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Molecular and Physiological Characterization of Rice (Oryza sativa) Seed Development Under Heat Stress
Climatic variations are a serious threat to global food security. Amongst climatic variations, rising temperature is a critical issue as yields of major staple crops (such as rice, wheat and maize) are reduced by heat, especially during early seed development. Rice seed is comprised of embryo, endosperm and maternal tissues, where endosperm occupies ~88% of seed volume. After fertilization, endosperm development proceeds rapidly with repeated acytokinetic mitotic divisions resulting in a nuclear/coenocytic endosperm, followed by transition to the cellularized state. The duration and rate of nuclear divisions during coenocytic stage are key determinants of yield since the number of coenocytic nuclei typically correlates with mature seed size. Further, endosperm cellularization exhibits high heat sensitivity. Given the potential role of endosperm cellularization in determining rice yield under heat stress, my research focused on deciphering the underlying molecular mechanisms controlling heat sensitivity at this critical stage of development. To accomplish this I have used high temporal-resolution phenotypic and molecular approaches. First, a temporal-phenotyping experiment determined that seeds are most heat-sensitive during the first two days after flowering. An hourly transcriptome analysis of heat-stressed seeds during this sensitive stage found endoplasmic reticulum stress and jasmonic acid pathways to be core components of earliest heat-induced transcriptional responses. Since DNA methylation is a critical component of endosperm development, I conducted a high-resolution DNA methylation analysis of heat-stressed seeds and found that transcriptional responses to heat stress are controlled by DNA methylation levels in gene body and promoter regions. Finally, I used the seed transcriptome to develop a differential co-expression network that identified OsMYB3R-3 and several other regulators of early seed development. Characterization of OsMYB3R-3, a three MYB repeat protein, showed that it is implicated in cytokinin-mediated regulation of early seed growth under heat stress. OsMYB3R-3 deficiency increased seed size and weight under control conditions but reduced heat resilience of seeds. Collectively, this study enhances our understanding of the molecular mechanisms controlling the interactions between temperature and developmental dynamics in developing seeds.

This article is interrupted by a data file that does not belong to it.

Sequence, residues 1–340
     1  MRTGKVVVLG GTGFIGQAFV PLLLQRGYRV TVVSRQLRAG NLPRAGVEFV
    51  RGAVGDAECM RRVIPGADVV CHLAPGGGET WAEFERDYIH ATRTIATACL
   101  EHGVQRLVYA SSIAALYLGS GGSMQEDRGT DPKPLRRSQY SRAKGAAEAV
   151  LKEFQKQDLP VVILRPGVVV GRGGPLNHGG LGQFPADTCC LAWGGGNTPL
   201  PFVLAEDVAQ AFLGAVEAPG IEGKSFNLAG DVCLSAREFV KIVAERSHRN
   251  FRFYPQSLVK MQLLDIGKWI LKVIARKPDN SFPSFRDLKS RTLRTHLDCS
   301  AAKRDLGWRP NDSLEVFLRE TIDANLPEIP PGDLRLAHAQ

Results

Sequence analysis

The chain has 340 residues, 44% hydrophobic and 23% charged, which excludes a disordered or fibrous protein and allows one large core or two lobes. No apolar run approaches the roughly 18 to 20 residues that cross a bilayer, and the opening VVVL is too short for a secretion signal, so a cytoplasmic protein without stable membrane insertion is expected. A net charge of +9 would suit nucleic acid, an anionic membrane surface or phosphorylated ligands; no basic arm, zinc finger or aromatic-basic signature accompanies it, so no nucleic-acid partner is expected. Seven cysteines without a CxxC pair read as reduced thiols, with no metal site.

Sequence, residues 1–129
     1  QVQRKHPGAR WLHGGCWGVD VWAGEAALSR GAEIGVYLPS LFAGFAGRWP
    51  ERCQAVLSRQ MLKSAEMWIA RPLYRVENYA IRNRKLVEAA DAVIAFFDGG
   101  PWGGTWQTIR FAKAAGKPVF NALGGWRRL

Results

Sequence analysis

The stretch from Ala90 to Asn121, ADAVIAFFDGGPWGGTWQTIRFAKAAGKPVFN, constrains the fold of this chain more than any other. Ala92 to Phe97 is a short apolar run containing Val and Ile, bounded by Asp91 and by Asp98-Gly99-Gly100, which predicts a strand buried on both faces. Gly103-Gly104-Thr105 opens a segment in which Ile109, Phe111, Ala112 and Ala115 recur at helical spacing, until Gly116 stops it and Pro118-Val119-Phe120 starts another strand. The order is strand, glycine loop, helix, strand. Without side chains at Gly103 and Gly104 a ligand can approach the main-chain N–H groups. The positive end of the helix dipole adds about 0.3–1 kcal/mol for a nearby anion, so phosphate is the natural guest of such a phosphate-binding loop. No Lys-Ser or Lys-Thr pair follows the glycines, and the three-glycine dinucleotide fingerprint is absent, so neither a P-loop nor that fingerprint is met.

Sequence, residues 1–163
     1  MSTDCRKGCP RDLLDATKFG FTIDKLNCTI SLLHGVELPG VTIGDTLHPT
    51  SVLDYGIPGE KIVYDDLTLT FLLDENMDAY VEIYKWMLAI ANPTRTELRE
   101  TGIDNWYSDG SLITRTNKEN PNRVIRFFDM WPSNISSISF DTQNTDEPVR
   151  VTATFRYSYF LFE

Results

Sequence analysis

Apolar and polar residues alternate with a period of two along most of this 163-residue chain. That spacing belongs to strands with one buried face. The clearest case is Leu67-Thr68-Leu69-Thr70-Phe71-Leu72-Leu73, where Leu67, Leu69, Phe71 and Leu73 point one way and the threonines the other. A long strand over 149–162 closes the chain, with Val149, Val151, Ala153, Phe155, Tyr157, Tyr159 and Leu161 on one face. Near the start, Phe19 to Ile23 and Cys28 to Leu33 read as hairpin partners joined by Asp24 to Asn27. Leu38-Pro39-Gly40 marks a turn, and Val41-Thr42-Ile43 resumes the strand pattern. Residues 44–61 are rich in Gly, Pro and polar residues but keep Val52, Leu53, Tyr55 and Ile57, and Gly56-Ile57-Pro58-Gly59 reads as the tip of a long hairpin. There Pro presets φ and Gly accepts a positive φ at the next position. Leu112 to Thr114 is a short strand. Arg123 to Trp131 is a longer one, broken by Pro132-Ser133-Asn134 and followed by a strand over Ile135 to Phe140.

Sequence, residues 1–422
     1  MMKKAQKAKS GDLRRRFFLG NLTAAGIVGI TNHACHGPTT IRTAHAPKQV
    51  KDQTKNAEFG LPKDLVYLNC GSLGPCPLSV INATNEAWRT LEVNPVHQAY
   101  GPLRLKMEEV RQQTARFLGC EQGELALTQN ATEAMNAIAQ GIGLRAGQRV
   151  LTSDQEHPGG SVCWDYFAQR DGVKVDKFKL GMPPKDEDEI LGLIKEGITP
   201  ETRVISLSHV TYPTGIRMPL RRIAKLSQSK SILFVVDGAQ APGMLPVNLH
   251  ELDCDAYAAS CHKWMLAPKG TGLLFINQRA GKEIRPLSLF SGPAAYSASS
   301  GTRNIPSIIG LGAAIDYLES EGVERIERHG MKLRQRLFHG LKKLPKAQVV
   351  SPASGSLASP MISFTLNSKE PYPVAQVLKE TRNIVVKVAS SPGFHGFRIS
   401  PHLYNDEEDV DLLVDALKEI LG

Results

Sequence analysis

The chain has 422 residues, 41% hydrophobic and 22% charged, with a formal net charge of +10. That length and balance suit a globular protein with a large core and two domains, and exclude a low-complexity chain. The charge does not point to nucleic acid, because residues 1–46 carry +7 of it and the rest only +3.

Plant sciences|Molecular biology|Physiology|Climate Change
Sandhu, Jaspreet Kaur, "Molecular and Physiological Characterization of Rice (Oryza sativa) Seed Development Under Heat Stress" (2021). ETD collection for University of Nebraska - Lincoln. AAI28548254.